As for the lighting, I probably haven't seen a worse lit film since Aliens Vs. Predator: Requiem. Everything is swallowed in darkness and the way the actors are lit makes them look jaundice or pale. You can barely make a thing out during the course of the film. I also wouldn't be surprised if Helen Keller's ghost was giving the cinematographer cues. It's obvious that the creative forces behind this picture were aiming for that film noirish vibe, God knows they attempted it with the screenplay, but there's a difference between hauntingly beautiful and ominous noir lighting like can be seen in Charles Laughton's The Night of the Hunter and the kind of Intro to Film Production style lighting we get here. I should probably smack myself a little bit for bringing up these two films in the same sentence.
As a third strike against this picture I should talk about the screenplay...oh God the screenplay. There's nothing really new here, nothing we haven't seen a thousand times before. The Quiet Arrangement consists of nothing more than half baked "homages" and assemblages of conventions from far greater crime pictures. These are all thrown into a blender, filtered through a 15 year old's ADHD rattled mind and dusted off with a certain sense of Tarantino emulation before it's all vomited up on the screen for all to see. Characters speak in this attempted hard boiled style dialogue that doesn't sound authentic as much as it sounds like a white guy attempting to seem hard. There's nothing here that's going to surprise you or make you stand up and take notice. The film's attempt to screw around with narrative structure and perspective again reeks like Tarantino. Not so much purely because this is Tarantino's shtick but also because of how it's employed in a narrative stocked with dime store gangsters who speak in a way that no other human being ever has. Tarantino can pull it off when he's at the top of his form, but it just does not work here at all. It's a film that attempts nothing new nor does it strive to recapitulate its own tired genre. Because of that this film deserves absolutely none of your attention, time or patience.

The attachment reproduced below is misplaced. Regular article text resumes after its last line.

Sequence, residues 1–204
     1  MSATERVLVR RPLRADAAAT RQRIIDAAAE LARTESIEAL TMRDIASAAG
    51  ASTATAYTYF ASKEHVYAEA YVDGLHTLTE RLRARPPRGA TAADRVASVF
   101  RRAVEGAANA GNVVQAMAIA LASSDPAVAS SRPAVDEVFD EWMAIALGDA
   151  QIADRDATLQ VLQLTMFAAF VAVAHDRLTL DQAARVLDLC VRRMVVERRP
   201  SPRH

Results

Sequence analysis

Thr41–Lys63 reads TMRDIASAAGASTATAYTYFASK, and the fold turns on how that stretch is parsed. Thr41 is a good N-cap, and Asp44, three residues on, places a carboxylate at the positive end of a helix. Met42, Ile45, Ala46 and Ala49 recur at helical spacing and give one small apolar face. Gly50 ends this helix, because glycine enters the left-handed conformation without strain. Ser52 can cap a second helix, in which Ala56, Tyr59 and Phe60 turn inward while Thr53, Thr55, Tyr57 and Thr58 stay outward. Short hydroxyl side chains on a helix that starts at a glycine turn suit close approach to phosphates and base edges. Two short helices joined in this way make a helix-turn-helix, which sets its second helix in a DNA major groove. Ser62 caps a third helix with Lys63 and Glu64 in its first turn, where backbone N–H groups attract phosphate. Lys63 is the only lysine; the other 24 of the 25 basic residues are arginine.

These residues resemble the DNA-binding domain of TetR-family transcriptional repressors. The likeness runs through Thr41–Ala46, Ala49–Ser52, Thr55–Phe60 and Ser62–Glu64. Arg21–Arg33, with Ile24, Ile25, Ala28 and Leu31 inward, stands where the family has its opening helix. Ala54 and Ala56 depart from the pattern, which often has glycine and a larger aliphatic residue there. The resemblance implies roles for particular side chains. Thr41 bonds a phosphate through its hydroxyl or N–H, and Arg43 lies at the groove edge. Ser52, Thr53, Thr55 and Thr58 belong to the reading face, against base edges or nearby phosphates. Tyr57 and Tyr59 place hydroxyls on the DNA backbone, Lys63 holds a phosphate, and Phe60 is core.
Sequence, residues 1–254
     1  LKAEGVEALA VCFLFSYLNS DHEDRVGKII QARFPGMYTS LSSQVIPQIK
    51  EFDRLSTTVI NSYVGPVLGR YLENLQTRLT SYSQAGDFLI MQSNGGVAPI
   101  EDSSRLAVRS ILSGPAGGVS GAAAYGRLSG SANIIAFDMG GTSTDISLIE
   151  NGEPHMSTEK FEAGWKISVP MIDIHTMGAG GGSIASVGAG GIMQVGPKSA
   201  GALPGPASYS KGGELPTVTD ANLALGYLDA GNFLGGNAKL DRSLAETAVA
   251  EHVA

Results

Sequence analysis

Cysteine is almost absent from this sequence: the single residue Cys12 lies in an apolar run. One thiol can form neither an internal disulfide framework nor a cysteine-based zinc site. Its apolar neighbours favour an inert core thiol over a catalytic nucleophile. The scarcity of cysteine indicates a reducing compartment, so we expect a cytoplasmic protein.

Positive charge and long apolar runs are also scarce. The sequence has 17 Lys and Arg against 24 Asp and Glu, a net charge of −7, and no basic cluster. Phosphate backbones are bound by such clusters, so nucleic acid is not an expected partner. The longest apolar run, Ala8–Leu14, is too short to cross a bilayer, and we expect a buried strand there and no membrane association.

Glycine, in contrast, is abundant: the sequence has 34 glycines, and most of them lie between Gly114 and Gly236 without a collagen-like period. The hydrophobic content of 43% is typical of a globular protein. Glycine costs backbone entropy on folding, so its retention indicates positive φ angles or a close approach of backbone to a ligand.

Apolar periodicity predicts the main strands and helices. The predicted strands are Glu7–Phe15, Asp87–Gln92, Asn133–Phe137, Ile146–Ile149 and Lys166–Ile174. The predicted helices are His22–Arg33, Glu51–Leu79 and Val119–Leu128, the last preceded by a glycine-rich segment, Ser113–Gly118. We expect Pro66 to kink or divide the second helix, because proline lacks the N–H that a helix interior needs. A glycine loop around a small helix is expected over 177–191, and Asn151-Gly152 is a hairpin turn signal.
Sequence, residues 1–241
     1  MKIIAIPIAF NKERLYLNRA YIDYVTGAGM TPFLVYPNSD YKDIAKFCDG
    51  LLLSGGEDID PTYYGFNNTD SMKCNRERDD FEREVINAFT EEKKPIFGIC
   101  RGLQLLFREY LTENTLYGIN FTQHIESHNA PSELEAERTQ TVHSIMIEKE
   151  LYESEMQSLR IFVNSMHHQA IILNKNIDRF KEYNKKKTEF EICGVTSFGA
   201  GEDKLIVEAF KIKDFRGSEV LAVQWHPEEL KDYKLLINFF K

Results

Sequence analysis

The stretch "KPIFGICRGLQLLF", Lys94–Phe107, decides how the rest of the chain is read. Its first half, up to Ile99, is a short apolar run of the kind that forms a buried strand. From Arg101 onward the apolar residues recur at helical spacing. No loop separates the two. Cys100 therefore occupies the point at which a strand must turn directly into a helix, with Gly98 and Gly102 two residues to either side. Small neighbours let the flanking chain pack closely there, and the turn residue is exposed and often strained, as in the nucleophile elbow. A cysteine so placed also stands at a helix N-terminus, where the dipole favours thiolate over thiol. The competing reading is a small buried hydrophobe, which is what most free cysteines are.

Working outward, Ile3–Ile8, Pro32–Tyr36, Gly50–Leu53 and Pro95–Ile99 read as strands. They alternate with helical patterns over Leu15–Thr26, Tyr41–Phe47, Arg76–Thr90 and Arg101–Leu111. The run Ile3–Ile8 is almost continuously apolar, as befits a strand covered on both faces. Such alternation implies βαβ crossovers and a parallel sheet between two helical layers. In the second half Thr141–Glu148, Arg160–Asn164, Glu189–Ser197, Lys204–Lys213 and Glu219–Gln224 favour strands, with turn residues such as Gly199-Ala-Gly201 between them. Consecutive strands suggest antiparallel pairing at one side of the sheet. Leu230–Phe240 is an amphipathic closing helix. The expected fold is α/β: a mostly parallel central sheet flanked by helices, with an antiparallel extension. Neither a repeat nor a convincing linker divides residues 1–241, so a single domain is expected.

A final mark against this film is David Snyder's directing. Shot on low quality DV cameras, it's spastic and convoluted both in composition and focus. The camera almost never wants to settle down for more than a second. The concept of framing is almost non-existent as the camera jumbles around even on shots that cry out for a tripod. Some of the angles that Snyder chooses for his camera to be placed at have probably never been thought of by any other director, and that's meant in the worst possible way. It's a film that was obviously shot fast and on a dime and it shows. Combine this with the horrible lighting and I started to develop a headache by the second act.